Faithful Interpretation and over one million other books are available for Amazon Kindle. Learn more
Have one to sell? Sell on Amazon
Flip to back Flip to front
Listen Playing... Paused   You're listening to a sample of the Audible audio edition.
Learn more
See this image

Faithful Interpretation: Reading the Bible in a Postmodern World Paperback – October 1, 2006

ISBN-13: 978-0800637873 ISBN-10: 0800637879 Edition: 1st

25 New from $2.38 21 Used from $0.01 1 Collectible from $9.98
Amazon Price New from Used from
"Please retry"
Paperback, October 1, 2006
$2.38 $0.01

Frequently Bought Together

Faithful Interpretation: Reading the Bible in a Postmodern World + Evolution from Creation to New Creation: Conflict, Conversation, and Convergence
Buy the selected items together


Best Books of the Month
Best Books of the Month
Want to know our Editors' picks for the best books of the month? Browse Best Books of the Month, featuring our favorite new books in more than a dozen categories.

Product Details

  • Paperback: 204 pages
  • Publisher: Fortress Press; 1 edition (October 1, 2006)
  • Language: English
  • ISBN-10: 0800637879
  • ISBN-13: 978-0800637873
  • Product Dimensions: 8.3 x 5.9 x 0.4 inches
  • Shipping Weight: 8.8 ounces
  • Average Customer Review: 5.0 out of 5 stars  See all reviews (1 customer review)
  • Amazon Best Sellers Rank: #1,538,841 in Books (See Top 100 in Books)

Editorial Reviews

About the Author

A K M Adam is Professor of New Testament at Seabury-Western Theological Seminary in Illinois and priest at St Luke's Episcopal Church in Evanston, USA. He is author of numerous books including What Is Postmodern Biblical Criticism?

More About the Author

A K M Adam is Tutor in New Testament at the University of Oxford, based at St Stephen's House, tutoring also for Oriel College. Most recently Lecturer in New Testament at the University of Glasgow, he is a theologian, author, priest, technologist and blogger. Previous academic posts include appointments as Professor of New Testament at Seabury-Western Theological Seminary, Visiting Prof. of New Testament at Duke University Divinity School, Assistant Prof. of New Testament at Princeton Theological Seminary, and Assistant Professor of Religious Studies at Eckerd College; he has served at the Cathedral Church of St Mary in Glasgow, Scotland; St Luke's Church, Evanston IL; Trinity Church, Princeton; St James Church, Tampa; and Christ Church, New Haven, and has assisted in numerous other parishes and ministries. He is a writer, speaker, and provocateur who simultaneously engages the worlds of theology and technology on topics including biblical theology and ethics, postmodern philosophy, hermeneutics, education, and the semiotics of meaning and truth.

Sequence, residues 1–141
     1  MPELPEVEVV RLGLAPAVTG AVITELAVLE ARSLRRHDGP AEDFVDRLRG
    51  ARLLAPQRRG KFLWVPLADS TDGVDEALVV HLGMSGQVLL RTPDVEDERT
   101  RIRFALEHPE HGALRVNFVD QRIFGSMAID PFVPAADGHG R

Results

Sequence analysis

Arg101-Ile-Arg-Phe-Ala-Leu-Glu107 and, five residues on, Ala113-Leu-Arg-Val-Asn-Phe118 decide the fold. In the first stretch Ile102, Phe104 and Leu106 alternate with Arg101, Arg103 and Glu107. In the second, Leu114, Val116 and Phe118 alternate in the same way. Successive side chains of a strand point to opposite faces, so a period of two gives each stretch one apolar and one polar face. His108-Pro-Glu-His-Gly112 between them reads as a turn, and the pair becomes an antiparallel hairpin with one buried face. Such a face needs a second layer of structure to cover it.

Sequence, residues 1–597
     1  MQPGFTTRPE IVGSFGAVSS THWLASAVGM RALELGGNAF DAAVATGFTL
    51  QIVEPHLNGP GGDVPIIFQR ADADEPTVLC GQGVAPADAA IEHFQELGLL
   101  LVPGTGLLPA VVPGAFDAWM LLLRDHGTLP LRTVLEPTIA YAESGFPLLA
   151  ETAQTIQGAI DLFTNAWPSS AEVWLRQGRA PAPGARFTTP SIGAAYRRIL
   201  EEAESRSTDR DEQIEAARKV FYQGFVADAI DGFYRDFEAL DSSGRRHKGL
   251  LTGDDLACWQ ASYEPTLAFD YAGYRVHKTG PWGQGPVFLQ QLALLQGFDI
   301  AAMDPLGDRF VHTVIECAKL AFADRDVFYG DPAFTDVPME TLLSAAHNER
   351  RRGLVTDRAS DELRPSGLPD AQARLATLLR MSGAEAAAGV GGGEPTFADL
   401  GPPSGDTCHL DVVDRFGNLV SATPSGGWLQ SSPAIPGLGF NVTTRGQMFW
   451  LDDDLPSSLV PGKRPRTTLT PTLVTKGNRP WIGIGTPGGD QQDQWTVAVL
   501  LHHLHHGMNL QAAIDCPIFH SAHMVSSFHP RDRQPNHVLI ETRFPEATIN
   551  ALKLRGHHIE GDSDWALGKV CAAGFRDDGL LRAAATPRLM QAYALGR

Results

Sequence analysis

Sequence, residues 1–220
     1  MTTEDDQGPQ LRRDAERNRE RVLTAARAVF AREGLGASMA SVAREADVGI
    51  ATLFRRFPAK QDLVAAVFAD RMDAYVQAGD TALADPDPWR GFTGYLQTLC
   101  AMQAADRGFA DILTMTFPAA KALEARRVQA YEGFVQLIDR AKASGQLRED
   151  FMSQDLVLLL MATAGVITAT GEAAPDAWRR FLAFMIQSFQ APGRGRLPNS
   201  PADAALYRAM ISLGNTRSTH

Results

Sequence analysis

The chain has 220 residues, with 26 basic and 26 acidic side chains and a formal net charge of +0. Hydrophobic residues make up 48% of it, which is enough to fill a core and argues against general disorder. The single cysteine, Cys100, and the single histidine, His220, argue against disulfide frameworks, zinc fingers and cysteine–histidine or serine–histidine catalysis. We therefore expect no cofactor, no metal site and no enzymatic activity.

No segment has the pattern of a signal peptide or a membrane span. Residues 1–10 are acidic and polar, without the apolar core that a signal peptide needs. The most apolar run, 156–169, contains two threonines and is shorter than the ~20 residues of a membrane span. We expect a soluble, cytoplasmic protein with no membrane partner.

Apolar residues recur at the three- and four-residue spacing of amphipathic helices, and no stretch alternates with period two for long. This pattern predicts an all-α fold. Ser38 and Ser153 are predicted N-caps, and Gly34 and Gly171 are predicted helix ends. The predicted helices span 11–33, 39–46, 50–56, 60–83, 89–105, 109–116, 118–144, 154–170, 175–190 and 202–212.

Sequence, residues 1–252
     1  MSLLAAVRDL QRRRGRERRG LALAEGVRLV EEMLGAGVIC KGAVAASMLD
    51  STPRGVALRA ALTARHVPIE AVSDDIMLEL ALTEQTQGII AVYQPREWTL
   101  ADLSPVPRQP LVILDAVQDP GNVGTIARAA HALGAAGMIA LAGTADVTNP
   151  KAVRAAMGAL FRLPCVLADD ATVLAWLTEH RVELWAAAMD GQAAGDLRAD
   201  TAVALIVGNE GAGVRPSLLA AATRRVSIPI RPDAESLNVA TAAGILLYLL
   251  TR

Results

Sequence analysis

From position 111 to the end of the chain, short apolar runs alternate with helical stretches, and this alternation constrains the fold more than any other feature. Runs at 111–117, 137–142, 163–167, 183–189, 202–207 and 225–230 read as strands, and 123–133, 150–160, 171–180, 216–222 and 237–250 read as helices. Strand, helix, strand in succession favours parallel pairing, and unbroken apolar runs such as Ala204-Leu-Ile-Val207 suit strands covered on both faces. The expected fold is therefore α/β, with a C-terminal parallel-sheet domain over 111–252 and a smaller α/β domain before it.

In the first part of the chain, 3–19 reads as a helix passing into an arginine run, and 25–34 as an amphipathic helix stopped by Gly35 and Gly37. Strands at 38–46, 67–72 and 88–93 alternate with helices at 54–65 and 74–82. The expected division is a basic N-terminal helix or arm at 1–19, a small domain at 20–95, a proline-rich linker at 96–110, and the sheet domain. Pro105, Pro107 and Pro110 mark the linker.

He has given invited presentations on technology at Digital Identity World, the Freedom To Connect conference, Ars Electronica Festival, and the Society for Scholarly Publishing.

He supports Duke University's basketball team, Bowdoin College hockey, the Baltimore Orioles, and the Boston Celtics, but is studiously non-partisan when it comes to the Rangers and Celtic.

Customer Reviews

5.0 out of 5 stars
5 star
4 star
3 star
2 star
1 star
See the customer review
Share your thoughts with other customers

Most Helpful Customer Reviews

20 of 21 people found the following review helpful By David Weinberger on October 14, 2006
Format: Paperback
This is not an easy book because it asks hard questions, but it's quite wonderful. AKMA is a terrific writer, and this book wrestles with the hardest problems in interpreting a text -- most of it applies to all texts, not just to the Bible -- without falling for Postmodernism's self-hypnotic tendencies.

Does text have a meaning? Nope, AKMA answers. Meaning is not contained in the text itself. But once the easy linkage between text and meaning (with intention bundled in) is severed, then are we left without any way to prefer one interpretation over another? Nope, AKMA answers (because any other answer leads us to trivialization and/or madness). But interpretation becomes an ethical issue, not merely a cognitive one.

The above is, of course, a simplification that does real violence to the book, which is careful and notably respectful of those who disagree with its point of view. In that, the book models the "differential hermeneutics" for which it argues, an understanding of interpretation that allows for differences.

This book is written within and for the Christian tradition, but you don't have to be Christian to appreciate the care with which AKMA approaches his topic. While the book assumes some familiarity with issues in biblical hermeneutics, its main ideas are accessible to those comfortable reading contemporary philosophical essays.
Comment Was this review helpful to you? Yes No Sending feedback...
Thank you for your feedback. If this review is inappropriate, please let us know.
Sorry, we failed to record your vote. Please try again

What Other Items Do Customers Buy After Viewing This Item?